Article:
AAPG ANNUAL CONFERENCE AND EXHIBITION
Making the Next Giant Leap in Geosciences
April 10-13, 2011, Houston, Texas, USA
Shale Diapirism and Associated Folding History in the South Caspian Basin (Offshore Azerbaijan)
(1) Inst. Andaluz Ciencias de la Tierra (CSIC-UGR), Granada University, Granada, Spain.
(2) Departamento de Estadística, Granada University, Granada, Spain.
(3) Repsol Exploración S.A., Madrid, Spain.
The Caspian Sea is a Neogene basin associated with the Alpine-Himalayan collision and has one of the major sedimentary accumulations in the world. The South Caspian Basin in particular, comprises a thick (~ 10 km), fluvio-deltaic sequence, the Productive Series, deposited during the late Miocene to middle Pliocene (~6-3 Ma) over a rapidly subsiding crust of probable oceanic nature. The uppermost sedimentary cover is affected by numerous detachment folds cored by overpressured, organic-rich muds derived from the marine source rock of the Maykop Series; of Oligocene to Early Miocene age. The tectonic evolution of the South Caspian Basin triggered mud migration of the Maykop Series trapping oil and gas in anticlines structures. Major reservoirs are concentrated there in the Productive Series and the stratigraphic seal is a late Pliocene unconformity (~3 Ma).
Our study focused on the geometrical analysis of the folding history in offshore Azerbaijan. We use a post-stack 3D seismic cube tied with data from two exploration wells. The overall geometry of the Productive Series reflects low-dipping sequences of different delta systems propagating basinward, and sedimentary thickness is approximately constant. Fold geometries evolve along strike from symmetrical, gentle anticlines, to close, box-like folds that can host double-vergence reverse faults. Anticline culmination coincides commonly with an hour glass-like mud diapir, where mud ascent and extrusion in the upper tear created vertical welds.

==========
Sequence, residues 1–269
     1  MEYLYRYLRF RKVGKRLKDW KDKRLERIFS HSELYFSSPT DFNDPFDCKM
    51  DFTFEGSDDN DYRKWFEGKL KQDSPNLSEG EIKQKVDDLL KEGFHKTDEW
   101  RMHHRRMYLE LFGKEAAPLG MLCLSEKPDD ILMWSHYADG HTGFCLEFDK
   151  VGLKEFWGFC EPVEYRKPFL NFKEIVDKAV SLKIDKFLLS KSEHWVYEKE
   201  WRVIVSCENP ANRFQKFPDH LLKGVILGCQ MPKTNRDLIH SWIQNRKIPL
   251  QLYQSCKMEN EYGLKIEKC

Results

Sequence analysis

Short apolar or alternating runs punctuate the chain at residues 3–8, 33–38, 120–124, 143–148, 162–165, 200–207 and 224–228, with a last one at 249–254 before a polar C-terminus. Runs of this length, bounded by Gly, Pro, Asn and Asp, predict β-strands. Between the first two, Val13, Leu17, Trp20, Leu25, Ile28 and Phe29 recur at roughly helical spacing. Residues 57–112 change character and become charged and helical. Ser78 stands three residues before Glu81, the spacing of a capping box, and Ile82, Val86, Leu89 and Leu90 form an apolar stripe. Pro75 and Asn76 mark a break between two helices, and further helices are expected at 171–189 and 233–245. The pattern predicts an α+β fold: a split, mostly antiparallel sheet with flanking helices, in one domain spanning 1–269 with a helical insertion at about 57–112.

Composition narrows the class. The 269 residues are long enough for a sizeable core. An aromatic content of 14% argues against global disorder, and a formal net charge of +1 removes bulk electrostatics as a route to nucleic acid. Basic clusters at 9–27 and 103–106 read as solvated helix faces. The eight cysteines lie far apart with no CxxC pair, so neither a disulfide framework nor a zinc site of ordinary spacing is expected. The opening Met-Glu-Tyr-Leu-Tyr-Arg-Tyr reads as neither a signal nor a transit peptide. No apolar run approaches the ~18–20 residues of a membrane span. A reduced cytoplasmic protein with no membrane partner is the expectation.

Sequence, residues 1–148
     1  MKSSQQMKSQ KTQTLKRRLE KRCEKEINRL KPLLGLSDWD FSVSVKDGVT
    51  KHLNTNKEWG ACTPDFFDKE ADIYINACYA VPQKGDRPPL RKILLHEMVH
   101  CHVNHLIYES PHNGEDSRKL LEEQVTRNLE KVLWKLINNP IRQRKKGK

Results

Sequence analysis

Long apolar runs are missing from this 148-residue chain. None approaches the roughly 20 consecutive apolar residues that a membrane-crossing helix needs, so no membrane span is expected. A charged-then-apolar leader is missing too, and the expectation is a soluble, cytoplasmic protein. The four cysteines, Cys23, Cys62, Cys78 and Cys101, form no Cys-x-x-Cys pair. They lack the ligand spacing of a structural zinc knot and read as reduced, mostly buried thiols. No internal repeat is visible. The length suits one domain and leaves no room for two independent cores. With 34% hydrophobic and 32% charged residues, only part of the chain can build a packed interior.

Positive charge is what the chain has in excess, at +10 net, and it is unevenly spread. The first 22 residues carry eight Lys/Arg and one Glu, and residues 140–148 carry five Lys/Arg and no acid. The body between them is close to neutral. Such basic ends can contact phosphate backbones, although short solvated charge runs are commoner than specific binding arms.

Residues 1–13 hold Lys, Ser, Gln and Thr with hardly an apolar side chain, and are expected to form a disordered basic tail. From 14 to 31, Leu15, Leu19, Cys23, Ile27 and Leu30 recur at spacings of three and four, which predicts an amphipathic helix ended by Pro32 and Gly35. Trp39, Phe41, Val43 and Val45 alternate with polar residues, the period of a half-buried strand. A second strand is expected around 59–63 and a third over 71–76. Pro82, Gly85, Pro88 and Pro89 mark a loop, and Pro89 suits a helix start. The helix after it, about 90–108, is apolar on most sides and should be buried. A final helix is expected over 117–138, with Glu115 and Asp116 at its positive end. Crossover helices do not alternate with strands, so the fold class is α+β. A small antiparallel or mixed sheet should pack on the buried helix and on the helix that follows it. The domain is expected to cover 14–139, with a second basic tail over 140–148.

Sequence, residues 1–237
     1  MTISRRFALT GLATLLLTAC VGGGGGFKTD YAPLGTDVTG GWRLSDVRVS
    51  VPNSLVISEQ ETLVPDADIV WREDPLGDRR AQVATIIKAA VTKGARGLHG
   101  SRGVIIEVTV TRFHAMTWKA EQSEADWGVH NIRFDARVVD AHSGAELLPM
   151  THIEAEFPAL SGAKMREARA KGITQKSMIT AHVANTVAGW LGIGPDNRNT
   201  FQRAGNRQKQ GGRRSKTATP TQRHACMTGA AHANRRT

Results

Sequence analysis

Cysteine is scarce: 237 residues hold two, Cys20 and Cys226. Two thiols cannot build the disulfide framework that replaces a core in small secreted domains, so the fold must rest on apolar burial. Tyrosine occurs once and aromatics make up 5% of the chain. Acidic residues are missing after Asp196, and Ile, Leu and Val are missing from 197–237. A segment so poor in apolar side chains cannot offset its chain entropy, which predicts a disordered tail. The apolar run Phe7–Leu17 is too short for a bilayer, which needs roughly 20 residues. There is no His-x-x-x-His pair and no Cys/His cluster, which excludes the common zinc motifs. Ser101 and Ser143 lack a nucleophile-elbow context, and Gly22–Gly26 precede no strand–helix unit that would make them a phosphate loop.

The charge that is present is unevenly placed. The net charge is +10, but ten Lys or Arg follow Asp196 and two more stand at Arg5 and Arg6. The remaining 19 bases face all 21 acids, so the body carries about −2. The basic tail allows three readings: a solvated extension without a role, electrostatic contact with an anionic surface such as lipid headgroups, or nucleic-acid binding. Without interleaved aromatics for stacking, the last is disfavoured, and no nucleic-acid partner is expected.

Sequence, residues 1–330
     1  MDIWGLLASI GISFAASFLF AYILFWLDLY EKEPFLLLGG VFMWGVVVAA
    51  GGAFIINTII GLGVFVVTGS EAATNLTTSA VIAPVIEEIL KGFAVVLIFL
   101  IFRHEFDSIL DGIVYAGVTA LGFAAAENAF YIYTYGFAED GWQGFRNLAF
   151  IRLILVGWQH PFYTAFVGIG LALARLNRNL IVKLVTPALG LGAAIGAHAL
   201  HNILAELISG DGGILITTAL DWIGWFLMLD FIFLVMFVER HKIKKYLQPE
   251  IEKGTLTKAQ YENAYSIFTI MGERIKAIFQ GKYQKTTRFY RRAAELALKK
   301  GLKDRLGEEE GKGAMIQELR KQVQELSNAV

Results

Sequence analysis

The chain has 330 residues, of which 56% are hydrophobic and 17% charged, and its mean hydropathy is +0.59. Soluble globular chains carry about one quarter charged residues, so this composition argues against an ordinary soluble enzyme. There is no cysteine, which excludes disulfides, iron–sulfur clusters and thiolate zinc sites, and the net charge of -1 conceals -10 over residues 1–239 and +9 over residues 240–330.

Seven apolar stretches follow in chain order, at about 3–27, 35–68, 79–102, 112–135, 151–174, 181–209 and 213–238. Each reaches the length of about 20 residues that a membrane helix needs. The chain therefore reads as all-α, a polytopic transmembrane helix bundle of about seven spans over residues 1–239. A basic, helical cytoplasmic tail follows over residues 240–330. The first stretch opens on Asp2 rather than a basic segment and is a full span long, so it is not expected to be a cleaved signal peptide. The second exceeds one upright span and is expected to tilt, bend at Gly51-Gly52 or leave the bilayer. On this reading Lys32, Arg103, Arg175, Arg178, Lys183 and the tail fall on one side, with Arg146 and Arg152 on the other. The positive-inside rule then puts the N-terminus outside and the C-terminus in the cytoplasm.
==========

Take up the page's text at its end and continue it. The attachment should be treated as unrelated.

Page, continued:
Folding occurred simultaneously to mud diapir perforation and extrusion, with tilting and differential subsidence toward basin centre, whilst shortening rates vary along fold axis. Maximum shortening estimates are inferred in regions pierced by the overpressured mud and folding structures indicate a single, low-dipping detachment level at 9.5-11 km depth. A first major folding pulse occurred during the middle Pliocene (~3.5-3.1 Ma), toward the end of the deposition of the Upper Productive Series. Folding rates decreased afterwards during the Late Pliocene, although a second, syn-growth folding episode occurred at ~1.5-1 Ma.
We implement also the algorithms to analyze in 3D this detachment folding-type that departs from the classic examples since punctuated deformation is accompanied by progressive tilting and differential subsidence between fold flanks.